The British Mandate’s actions of state-building in Palestine were informed by a Zionist-Western modernist envisioned past of Palestine. This state-building ideology was embedded within much of the bureaucracy of the Mandate’s system and infringed on numerous Palestinian institutions such as Waqf. Waqf was disenfranchised in particular through the implementation of urban development programs, like town planning and archaeological regimes, which sought to support the British-Zionist recasting of Palestine.
This thesis aims to show how the British’s ideology of Palestine informed the Mandate’s internal polices and actions which infringed on the rights of waqf. This was done through two axes of inquiry. The first axis analyses the role of British programs and institutions, and I take the example of town planning policies as a site for analysis. I demonstrate that town planning designed by appointed British town planners understood Palestine through a Zionist-Christian lens. This ideological lens was a presumption of the Mandate powers that Palestine was by definition the historical site of the Hebrew/Israeli peoples and thus the proper site of a nation-state building effort for a modern Zionist state. This state-building effort was legitimized within the British official mind in Palestine and more specifically by the Mandate’s Department of Archaeology. The crafting of a historical claim of a national-mythology through collecting ancient artifacts were used by the Department of Archaeology to give credence to the political efforts of the British and Zionist state-building efforts as a means of grounding their modernization mythology of Palestine ought to be the future home of the Jews. This placed the proper procedure of nationalization of the modern state on an ancient historical foundation in which saw that only through the re-injection of that ancient historical foundation a modern state in Palestine could emerge.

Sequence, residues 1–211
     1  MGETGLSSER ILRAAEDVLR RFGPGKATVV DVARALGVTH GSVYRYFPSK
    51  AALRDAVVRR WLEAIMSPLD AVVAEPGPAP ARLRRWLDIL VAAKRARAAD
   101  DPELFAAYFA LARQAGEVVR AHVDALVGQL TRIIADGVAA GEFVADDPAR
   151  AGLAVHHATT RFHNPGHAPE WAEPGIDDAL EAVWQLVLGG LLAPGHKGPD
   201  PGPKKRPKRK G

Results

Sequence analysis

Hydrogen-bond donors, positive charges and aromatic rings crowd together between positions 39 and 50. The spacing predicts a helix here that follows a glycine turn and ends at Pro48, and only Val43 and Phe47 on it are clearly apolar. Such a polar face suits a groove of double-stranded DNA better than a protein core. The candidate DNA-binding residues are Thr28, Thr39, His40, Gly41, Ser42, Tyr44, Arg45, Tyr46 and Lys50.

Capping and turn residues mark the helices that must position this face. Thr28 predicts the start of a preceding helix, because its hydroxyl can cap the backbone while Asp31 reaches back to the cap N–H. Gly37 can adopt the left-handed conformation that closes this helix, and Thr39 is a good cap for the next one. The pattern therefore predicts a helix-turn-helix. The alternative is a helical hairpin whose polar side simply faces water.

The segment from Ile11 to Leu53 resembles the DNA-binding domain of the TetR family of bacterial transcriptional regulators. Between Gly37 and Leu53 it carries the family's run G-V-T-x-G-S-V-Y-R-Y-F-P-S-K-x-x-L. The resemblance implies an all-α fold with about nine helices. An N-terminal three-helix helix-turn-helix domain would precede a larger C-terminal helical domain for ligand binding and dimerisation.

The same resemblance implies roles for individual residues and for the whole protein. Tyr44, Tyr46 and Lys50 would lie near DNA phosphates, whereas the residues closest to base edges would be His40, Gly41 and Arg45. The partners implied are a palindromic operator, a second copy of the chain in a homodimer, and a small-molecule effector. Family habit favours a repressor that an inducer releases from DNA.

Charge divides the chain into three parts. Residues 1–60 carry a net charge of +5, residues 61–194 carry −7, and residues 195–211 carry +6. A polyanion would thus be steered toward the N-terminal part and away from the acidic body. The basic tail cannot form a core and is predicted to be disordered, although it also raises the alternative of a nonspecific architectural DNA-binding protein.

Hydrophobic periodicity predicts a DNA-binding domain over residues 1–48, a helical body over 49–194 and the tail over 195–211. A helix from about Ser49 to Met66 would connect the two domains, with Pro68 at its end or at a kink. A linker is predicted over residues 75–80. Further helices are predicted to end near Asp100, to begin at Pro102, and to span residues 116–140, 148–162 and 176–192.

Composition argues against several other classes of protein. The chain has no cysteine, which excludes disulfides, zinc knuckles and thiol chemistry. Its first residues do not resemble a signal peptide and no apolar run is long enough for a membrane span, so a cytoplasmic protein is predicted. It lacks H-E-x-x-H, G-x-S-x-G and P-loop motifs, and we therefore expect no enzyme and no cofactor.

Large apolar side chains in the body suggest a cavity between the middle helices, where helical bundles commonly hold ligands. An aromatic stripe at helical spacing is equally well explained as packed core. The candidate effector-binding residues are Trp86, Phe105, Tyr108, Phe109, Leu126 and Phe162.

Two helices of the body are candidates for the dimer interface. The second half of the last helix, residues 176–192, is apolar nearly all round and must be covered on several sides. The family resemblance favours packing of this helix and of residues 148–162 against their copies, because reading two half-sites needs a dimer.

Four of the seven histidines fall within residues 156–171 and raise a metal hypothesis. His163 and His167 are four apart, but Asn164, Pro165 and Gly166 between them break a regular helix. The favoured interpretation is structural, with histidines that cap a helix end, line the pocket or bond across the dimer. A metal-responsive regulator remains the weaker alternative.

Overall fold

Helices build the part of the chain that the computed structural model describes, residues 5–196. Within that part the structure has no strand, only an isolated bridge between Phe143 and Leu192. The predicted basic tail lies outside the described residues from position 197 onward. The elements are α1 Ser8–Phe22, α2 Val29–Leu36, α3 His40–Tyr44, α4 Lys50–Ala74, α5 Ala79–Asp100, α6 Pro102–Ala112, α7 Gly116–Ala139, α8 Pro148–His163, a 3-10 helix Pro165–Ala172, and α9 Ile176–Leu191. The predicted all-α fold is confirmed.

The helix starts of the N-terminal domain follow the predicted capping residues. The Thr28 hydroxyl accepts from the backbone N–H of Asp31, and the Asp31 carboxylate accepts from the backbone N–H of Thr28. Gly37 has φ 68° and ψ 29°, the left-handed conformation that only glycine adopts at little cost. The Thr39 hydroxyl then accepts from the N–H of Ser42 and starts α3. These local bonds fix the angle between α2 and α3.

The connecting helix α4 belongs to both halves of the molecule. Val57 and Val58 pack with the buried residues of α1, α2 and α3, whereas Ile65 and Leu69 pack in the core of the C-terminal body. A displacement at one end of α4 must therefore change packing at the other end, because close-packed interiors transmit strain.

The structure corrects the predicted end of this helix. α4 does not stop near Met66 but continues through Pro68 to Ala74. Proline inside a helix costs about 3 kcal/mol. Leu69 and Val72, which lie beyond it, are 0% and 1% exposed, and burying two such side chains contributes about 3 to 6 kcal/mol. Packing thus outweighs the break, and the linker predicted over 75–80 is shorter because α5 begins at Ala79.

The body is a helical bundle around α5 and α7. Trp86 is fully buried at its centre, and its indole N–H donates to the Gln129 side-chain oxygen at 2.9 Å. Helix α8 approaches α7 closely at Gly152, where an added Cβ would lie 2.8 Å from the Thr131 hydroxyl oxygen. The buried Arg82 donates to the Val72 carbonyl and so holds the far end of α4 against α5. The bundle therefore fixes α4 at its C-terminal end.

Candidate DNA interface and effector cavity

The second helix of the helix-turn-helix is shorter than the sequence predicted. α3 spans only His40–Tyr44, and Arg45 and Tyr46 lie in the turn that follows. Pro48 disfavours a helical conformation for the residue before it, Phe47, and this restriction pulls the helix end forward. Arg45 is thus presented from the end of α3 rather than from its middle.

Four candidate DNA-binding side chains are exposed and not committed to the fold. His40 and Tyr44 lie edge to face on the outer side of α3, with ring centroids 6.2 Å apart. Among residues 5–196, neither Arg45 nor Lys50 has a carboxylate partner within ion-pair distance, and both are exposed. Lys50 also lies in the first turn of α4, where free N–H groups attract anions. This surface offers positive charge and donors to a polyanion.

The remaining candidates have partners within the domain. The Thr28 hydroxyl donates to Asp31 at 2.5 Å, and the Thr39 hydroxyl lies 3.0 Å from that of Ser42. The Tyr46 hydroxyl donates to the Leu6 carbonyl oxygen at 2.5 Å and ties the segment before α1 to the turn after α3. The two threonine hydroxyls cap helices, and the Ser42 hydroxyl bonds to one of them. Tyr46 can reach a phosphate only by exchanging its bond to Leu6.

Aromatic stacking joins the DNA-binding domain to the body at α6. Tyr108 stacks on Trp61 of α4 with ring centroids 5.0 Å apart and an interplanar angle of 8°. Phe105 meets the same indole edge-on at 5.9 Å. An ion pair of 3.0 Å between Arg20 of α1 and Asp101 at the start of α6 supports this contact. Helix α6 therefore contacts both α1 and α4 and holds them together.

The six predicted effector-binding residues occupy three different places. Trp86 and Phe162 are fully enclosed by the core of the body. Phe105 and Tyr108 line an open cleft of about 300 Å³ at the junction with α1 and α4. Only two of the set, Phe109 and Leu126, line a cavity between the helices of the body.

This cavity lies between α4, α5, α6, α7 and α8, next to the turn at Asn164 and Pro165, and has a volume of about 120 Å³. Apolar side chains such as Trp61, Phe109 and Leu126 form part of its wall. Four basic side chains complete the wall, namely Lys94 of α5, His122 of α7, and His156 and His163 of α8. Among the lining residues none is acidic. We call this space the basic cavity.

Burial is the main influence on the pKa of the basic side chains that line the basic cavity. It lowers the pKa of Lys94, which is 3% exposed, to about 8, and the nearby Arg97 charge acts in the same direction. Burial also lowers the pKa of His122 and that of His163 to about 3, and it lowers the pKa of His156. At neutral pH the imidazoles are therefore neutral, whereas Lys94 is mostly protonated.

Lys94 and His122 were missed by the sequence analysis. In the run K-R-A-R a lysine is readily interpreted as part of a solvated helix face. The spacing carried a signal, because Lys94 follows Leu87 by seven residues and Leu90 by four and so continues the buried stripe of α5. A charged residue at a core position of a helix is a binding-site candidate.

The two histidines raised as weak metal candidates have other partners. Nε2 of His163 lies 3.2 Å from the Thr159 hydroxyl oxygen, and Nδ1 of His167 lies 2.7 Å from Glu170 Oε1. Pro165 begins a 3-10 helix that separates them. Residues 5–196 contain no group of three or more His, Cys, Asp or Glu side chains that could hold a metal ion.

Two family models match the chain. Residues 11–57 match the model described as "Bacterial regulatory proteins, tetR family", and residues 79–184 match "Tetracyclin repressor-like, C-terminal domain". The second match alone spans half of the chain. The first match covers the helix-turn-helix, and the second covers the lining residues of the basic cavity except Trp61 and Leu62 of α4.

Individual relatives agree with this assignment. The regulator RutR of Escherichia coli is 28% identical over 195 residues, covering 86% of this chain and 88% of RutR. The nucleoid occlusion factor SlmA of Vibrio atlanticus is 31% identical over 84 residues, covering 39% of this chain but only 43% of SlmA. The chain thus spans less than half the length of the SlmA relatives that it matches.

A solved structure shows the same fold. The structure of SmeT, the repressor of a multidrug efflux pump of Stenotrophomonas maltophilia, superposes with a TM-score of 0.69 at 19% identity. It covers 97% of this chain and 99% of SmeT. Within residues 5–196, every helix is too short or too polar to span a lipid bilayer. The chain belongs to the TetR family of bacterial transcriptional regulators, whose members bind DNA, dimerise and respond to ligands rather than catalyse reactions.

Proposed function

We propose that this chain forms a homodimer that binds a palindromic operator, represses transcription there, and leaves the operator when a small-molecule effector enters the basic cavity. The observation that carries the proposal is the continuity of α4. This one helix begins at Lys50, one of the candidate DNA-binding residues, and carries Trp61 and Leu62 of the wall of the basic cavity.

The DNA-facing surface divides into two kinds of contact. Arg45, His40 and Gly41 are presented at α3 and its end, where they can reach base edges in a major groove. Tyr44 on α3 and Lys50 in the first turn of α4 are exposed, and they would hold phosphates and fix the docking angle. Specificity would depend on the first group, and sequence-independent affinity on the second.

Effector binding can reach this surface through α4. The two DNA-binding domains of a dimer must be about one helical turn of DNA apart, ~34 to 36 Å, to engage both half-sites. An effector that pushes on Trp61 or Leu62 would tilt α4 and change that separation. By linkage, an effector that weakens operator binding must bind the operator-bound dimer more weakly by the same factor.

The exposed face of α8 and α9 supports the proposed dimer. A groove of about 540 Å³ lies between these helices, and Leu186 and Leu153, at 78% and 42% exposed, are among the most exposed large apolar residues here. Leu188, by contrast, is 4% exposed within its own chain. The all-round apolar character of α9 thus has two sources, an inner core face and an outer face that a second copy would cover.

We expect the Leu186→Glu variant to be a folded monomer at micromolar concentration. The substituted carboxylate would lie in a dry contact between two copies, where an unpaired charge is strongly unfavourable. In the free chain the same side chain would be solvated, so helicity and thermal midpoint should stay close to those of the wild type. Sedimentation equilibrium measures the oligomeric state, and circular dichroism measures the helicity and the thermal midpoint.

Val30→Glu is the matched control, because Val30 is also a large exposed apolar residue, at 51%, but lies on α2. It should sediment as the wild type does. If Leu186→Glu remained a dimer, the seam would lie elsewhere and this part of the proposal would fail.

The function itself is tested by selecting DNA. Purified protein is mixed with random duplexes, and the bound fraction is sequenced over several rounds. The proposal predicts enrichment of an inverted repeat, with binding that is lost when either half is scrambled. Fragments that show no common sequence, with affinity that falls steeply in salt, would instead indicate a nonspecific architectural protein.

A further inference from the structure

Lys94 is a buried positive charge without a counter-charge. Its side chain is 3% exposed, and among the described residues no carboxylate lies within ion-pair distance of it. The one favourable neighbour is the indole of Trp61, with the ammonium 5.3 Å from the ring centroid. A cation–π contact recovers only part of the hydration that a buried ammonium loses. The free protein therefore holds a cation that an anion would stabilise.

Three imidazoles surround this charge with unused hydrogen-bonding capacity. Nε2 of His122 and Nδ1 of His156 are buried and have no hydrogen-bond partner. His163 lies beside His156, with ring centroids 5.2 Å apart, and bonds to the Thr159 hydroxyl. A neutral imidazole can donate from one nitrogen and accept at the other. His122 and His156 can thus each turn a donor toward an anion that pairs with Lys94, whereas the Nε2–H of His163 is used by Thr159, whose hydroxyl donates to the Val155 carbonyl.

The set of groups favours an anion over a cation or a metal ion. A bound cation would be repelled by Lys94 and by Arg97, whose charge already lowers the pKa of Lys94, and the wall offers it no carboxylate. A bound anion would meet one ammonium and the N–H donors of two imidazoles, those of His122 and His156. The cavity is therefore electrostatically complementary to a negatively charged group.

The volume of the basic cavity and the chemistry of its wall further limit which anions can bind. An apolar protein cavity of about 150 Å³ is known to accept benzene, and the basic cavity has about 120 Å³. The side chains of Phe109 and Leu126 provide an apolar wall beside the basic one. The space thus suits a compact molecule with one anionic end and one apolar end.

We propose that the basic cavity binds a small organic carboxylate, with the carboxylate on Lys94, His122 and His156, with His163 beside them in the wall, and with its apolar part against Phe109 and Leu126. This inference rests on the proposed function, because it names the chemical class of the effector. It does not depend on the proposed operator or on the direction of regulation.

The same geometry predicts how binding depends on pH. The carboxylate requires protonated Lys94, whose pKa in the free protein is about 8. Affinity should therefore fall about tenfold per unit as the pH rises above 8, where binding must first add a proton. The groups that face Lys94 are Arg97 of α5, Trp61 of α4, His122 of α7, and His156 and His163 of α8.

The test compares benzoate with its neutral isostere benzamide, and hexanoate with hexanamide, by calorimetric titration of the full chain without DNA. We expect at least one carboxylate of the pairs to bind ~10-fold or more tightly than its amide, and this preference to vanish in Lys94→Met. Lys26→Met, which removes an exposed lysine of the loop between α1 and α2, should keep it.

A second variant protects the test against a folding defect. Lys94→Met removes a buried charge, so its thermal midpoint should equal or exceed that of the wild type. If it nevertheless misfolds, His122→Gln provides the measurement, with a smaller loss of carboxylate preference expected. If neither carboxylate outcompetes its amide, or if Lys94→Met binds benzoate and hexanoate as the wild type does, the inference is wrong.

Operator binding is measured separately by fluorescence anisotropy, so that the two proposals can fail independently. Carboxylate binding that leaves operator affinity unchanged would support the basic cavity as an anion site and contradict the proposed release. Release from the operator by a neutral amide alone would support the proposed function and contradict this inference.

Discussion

The second axis of inquiry looks at the specific case study of Jerusalem and selects two episodes of contention. The two episodes show how the state formation process of the Mandate privileged the Zionist-Christian mythology of Palestine over the Palestinian political and social experience prior to the Mandate. The first site of contention is where the Department of Archaeology and the Supreme Muslim Council battled over the defining of the White Minaret in Ramla Palestine. This case shows the privileging of the Zionist-Christian envisioning of the built environment over the legal waqf rights of the Minaret. The second site of contention is situated in the walls of Jerusalem. This site shows how Town Planning schemes, and the Department of Archaeology worked in tandem to restore the city as a Jewish site through the removal of Palestinian built environments on and near the wall. This, again, privileged a Zionist-Christian understanding of Jerusalem over the lived space of Palestinians within Jerusalem.
School of Humanities and Social Sciences
Middle East Studies Center
MA in Middle East Studies
Committee Member 1
Committee Member 2
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(2022).Waqf in Transition: Tracing Local Institutional Change during the British Mandate in Palestine [Master's Thesis, the American University in Cairo]. AUC Knowledge Fountain.
Murray, Zachary. Waqf in Transition: Tracing Local Institutional Change during the British Mandate in Palestine. 2022. American University in Cairo, Master's Thesis. AUC Knowledge Fountain.